Farah’s first novel, From a Crooked Rib, was published in 1970. The novel is concerned with the harsh treatment of women in Somali society. The book is told through the eyes of an young nomadic girl. His strong feminist stance makes his writing unique among the African male writers. Siyad Barre. The novel presents political than a sociological study of the subordinate role of Somali women and the effects of urbanization during the 1950s, indicative of Farah’s commitment to social issues.
The central character of the novel is Ebla, a woman pastoralist from the Ogaden who desires emancipation from her subordinate role in Somali society. Ebla first runs away from her clan to the city of Belet Wene because she refuses to accept her arranged marriage with an old man named Giumaleh. Once established at the house of her cousin Gheddi, however, Ebla learns that, to pay off some debts, he had secretly offered her hand in marriage to a “broker” friend. Ebla thus flees a second time by eloping to Mogadishu with a civil servant named Awill, only to become infuriated when she learns that, on a government-sponsored trip in Italy, he cheated on her. Ebla reasserts herself and gains revenge by secretly marrying Tiffo, a wealthy man of the city with whom she trades sexual favours for money. Ebla has learned to manipulate men through a brand of prostitution in which she realizes that her body is a treasure. The subordinate nature of women in Somali society is clearly the dominant image of the book. Farah is particularly opposed to the continuing traditional Somali practice of circumcision and infibulation of young girls.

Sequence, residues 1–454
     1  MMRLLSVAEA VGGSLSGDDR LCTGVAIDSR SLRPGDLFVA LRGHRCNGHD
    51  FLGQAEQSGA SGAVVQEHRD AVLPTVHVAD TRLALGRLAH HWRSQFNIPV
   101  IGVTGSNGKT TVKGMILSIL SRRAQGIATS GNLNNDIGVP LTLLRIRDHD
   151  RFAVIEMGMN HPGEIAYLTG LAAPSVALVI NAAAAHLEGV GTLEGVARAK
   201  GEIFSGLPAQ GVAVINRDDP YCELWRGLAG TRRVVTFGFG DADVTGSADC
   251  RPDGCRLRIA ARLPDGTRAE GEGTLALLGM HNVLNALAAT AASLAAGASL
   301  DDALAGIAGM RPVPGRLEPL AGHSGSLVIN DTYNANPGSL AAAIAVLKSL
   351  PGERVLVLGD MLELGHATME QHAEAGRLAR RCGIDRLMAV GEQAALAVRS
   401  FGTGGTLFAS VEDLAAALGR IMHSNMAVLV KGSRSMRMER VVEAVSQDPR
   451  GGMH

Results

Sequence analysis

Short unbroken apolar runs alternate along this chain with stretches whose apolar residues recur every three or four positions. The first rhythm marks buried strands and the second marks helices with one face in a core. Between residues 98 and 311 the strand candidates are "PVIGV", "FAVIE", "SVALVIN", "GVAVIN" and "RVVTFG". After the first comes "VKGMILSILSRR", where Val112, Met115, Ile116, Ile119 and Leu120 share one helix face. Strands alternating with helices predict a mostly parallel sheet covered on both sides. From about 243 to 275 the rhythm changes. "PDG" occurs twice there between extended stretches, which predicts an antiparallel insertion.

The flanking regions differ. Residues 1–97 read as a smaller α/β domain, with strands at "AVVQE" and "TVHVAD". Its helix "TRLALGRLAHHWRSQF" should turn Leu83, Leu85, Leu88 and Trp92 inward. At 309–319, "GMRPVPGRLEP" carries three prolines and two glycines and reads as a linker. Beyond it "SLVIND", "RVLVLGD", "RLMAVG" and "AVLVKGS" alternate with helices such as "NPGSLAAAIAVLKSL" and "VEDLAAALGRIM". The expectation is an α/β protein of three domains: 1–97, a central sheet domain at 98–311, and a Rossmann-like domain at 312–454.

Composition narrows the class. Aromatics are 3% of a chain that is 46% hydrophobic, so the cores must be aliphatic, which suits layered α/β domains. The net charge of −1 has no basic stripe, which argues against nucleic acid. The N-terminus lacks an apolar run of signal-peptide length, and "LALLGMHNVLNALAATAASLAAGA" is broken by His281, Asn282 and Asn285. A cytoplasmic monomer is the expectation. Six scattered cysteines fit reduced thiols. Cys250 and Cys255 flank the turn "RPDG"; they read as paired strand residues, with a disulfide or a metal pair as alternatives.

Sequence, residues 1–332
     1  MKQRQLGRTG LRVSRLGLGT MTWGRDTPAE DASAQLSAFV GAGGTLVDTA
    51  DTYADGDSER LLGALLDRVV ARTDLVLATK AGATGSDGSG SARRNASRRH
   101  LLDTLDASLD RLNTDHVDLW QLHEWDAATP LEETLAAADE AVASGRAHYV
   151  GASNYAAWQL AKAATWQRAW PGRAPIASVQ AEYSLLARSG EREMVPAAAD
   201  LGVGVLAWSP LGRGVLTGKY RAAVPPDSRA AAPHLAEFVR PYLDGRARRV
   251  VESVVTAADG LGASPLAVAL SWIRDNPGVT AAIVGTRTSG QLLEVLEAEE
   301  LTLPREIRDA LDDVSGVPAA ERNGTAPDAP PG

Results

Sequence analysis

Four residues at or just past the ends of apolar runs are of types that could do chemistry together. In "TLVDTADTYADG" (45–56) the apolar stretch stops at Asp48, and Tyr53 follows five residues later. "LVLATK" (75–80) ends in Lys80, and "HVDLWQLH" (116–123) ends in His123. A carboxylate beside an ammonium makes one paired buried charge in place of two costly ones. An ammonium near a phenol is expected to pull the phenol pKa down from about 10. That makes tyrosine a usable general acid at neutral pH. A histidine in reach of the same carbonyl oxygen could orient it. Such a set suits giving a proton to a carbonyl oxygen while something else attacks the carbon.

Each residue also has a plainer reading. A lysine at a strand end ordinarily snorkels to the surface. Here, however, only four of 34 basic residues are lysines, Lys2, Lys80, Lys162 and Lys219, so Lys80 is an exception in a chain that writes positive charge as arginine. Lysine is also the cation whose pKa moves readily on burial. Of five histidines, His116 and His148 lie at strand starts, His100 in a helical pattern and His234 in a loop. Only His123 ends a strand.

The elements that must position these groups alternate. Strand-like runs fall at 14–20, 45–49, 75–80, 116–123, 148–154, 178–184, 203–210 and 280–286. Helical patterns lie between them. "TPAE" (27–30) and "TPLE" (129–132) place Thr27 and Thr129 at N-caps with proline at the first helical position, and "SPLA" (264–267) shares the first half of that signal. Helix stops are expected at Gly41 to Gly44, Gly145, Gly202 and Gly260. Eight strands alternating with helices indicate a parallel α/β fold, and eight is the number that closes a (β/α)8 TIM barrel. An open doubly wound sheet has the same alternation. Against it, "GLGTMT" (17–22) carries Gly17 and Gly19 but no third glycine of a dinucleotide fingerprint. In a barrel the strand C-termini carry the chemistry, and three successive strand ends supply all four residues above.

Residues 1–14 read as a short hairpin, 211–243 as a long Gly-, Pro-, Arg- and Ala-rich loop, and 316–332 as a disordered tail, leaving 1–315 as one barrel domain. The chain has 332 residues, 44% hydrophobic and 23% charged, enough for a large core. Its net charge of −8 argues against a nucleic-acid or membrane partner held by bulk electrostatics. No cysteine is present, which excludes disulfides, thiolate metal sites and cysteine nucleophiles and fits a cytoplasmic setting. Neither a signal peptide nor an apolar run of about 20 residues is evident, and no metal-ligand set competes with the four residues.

Farah’s second novel, A Naked Needle (1976), was written in Mogadishu in 1972, enabling him to have digested the preliminary successes, failures, and effects of the 1969 military revolution. The book represents the second phase in Farah’s evolution: He remains socially engaged, and portrays an increased political awareness, typified by a general questioning of the revolution’s “successes.” Farah’s description of continued political corruption and tribalistic practices at the highest levels of government, despite official statements to the contrary, puts him in conflict with the ruling regime (this book and all subsequent novels have been banned in Somalia). Whereas From a Crooked Rib stresses Ebla’s individualist struggle against traditionalism within Somalia, A Naked Needle emphasizes “national identity and national unity” within an “expansive and internationally oriented world.”